Bob Southey! You’re a poet, poet laureate,
And representative of all the race.
Although ‘tis true that you turned out a Tory at
Last, yours has lately been a common case.

My politics as yet are all to educate.
Apostasy’s so fashionable too,
To keep one creed’s a task grown quite Herculean.
Is it not so, my Tory, ultra-Julian?

-Lord Byron, Dedication of "Don Juan"

A still-pending bill introduced last June would establish an official Michigan poet laureate. While many state residents may fervently appreciate literature and ardently support poetry in particular, designating a poet as the state’s literary mascot may be perceived by these same people as a serious waste of our public officials’ time and taxpayer money — not to mention fraught with potential problems as indicated in the above assertion against England’s poet laureate Robert Southey by Lord Byron.

House Bill 4890 would allow the governor to select a Michigan resident as poet laureate to serve at his or her pleasure. It’s clear that the sponsor, Rep. Bruce Caswell, R-Pittsford, is concerned about costs as the proposed position would not be compensated and also would be exempt from civil service guidelines, although it does allow for reimbursement of costs necessary for undertaking official duties.

Although the relative costs would be somewhat minimal should the bill pass and become law, in a state experiencing a recession and endless budget woes they are important nonetheless. Spending time and effort on something that is so nonessential is clearly a waste. There already has been, and is likely to be more, legislative staff time spent drafting and reviewing this bill. The annual cost for the Legislature last year was $113.9 million — or about $167,000 per law passed and $5,400 per bill introduced — and while this bill is likely not to approach those averages, any amount of time spent on unnecessary legislation is an abuse of the public’s trust.

There are competing views over the role of government participating in the larger culture. As far as precedence is concerned, Michigan government has largely abstained from having an active role in the arts, nor should such things be within its scope. Its only direct involvement is acting as a passive check writer in an arts subsidy program. The state should not impose itself on artistic tastes by declaring one poet, or type of poetry, to speak for everyone.

Other states have laureates outside of government declaration. In Minnesota, until last year, people were crowned poet laureate by newspapers, local magazines and arts organizations. Until 2005 in Indiana, the poet laureate was designated by the Indiana State Federation of Poetry Clubs.

Even if a poet laureate position could be created immediately with a wave of a legislative wand, without costing taxpayers’ money and legislators’ time, the proposed designation opens the door to what Byron would attack as the veneration of a likely hack for political purposes.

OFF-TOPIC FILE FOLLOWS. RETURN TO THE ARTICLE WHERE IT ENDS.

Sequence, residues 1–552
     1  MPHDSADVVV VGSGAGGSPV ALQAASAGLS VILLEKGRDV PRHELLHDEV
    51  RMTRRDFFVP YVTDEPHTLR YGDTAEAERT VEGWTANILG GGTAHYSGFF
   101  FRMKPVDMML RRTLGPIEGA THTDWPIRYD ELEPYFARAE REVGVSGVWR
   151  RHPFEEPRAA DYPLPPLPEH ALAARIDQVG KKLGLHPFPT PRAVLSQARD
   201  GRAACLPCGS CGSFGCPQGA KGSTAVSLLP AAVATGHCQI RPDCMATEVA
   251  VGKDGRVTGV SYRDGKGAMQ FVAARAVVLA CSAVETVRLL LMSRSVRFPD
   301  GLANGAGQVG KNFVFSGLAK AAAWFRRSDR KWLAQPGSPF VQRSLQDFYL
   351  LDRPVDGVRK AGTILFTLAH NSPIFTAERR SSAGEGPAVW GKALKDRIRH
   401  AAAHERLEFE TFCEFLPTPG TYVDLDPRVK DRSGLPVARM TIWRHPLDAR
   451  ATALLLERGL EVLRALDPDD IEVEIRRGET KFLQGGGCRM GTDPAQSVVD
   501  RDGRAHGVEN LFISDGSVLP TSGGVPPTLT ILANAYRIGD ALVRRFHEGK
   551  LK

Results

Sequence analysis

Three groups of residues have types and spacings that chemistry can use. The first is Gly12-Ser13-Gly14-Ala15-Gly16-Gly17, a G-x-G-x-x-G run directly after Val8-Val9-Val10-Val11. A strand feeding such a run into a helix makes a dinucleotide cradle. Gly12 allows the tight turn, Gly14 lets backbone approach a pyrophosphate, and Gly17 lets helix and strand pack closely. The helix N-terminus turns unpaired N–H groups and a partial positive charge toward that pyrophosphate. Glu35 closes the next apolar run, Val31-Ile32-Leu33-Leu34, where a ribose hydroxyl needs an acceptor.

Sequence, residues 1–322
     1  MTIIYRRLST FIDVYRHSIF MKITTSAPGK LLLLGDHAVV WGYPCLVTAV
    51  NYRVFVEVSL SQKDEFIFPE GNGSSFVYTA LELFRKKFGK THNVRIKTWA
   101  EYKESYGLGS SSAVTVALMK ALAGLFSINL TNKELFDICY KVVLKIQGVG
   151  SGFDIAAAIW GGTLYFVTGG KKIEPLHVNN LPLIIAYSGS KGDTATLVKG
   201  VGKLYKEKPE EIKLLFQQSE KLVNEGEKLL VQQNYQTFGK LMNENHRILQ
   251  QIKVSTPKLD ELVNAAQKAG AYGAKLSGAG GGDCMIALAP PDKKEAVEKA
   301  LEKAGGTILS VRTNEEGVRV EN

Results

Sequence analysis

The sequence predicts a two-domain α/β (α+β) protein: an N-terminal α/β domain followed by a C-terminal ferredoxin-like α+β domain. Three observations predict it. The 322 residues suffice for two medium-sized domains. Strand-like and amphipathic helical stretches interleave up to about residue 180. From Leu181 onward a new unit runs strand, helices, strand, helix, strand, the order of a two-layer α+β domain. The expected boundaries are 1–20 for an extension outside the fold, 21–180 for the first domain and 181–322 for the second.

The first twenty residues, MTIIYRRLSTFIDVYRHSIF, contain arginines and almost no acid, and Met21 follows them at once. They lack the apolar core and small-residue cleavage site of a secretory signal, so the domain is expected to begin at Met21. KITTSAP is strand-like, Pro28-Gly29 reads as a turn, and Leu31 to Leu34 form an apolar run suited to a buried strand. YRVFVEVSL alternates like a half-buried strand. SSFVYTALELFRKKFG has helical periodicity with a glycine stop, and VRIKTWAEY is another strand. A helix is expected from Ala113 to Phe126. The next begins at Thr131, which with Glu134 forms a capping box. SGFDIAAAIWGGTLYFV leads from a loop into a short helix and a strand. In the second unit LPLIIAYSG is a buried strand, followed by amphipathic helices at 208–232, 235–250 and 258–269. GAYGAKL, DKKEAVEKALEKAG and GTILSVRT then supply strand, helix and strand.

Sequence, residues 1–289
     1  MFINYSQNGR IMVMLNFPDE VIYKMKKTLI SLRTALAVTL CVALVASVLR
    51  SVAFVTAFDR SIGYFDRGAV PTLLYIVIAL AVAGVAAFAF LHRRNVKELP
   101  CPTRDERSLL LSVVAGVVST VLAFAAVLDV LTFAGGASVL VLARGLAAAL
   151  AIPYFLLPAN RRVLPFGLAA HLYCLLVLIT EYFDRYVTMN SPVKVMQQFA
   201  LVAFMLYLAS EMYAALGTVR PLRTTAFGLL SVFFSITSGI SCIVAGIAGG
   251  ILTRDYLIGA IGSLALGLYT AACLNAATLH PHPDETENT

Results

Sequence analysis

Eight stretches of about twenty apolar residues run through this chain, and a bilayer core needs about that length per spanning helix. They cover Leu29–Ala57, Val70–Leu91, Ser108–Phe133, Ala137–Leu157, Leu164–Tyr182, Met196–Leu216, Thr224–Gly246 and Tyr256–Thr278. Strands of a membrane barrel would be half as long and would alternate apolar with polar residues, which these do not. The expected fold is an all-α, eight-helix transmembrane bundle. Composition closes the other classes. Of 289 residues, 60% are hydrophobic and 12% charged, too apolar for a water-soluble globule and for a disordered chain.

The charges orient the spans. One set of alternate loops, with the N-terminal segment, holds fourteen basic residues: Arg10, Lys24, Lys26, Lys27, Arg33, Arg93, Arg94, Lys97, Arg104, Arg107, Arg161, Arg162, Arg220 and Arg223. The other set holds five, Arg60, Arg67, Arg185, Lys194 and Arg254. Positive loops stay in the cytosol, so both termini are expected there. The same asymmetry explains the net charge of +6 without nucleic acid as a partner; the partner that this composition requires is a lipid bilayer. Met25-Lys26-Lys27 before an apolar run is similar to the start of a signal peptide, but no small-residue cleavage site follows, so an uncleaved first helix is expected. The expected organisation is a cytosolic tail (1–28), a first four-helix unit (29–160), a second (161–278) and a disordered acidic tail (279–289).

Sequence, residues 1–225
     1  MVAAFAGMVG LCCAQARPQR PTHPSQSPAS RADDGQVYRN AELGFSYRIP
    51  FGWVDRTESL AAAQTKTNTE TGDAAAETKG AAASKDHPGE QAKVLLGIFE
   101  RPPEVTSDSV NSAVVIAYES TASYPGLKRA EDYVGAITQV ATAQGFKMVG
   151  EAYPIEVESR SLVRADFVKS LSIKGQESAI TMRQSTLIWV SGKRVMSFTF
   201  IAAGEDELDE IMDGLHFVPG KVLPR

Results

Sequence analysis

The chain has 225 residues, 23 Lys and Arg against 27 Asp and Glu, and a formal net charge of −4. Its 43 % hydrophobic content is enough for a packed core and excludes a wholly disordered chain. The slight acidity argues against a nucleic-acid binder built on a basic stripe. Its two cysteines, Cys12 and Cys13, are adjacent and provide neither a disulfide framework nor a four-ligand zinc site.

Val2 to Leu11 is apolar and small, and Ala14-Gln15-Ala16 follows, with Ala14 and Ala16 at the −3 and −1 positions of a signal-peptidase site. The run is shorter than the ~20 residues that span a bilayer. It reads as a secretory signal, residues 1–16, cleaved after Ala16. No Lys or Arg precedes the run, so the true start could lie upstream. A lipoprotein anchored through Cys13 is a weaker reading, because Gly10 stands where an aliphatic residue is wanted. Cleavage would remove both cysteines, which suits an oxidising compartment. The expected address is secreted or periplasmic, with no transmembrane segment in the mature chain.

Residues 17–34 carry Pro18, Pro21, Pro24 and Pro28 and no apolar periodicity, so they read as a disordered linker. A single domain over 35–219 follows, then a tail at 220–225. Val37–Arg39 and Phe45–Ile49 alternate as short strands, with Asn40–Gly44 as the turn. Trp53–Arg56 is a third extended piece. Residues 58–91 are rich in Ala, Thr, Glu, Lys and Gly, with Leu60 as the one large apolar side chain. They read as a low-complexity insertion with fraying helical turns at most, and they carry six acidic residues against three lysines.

If there ever is a poet who truly represents all things Michigan, it’s not likely that crowning him or her poet laureate by gubernatorial designation would be necessary. The designation of a poet laureate would indicate that said poet would "represent" in today’s parlance for literature, at public functions, libraries and schools — as well as write poems for special state occasions.

Because poetry encompasses both high and low art — think of the wide berth that exists between T.S. Eliot and Ogden Nash — determining what type of poet most accurately reflects Michigan would be difficult. For example, our state has been home to several famous poets, but perhaps none of them are truly representative. On one hand there is Edgar Guest, who is most remembered for one phrase — "It takes a heap o’livin’ in a house t’ make it home" — despite having published an original poem (some would say doggerel) each day for several decades in the Detroit Free Press.

On the other hand, Michigan boasts Jim Harrison, who is among the finest poets writing in the United States despite lacking immediate appeal for most readers without an English degree; in any event, Harrison spends much of his time outside Michigan. Thomas Lynch might be another worthy candidate, although some may cringe at his many references to his day job as an undertaker. And what of rap lyrics, which are increasingly classified along with rock lyrics as poetry? Michigan native Eminem certainly appeals to younger, hip audiences, but are his messages of matricide and rape something a responsible elected official would wish to validate? Or even Bob Seger, whose most poignant lyrics are perhaps contained within the song "Night Moves," which is essentially about emotionally detached adolescent sex?

If the state’s legislators determine we need to honor poetry in the state, we could look to the roster of the state’s departed writers for commemoration: John Ciardi and Theodore Roethke immediately come to mind. Both writers have been accepted into the literary canon as proven by the appearance of much of their work in anthologies and school curricula. True, they’re not immediately available for personal appearances or writing "occasional" poems, but their work has been historically validated and they probably won’t mind that they would receive no remuneration.

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James M. Hohman is a fiscal policy research assistant and Bruce Edward Walker is communications manager for the Property Rights Network at the Mackinac Center for Public Policy, a research and educational institute headquartered in Midland, Mich. Permission to reprint in whole or in part is hereby granted, provided that the authors and the Center are properly cited.

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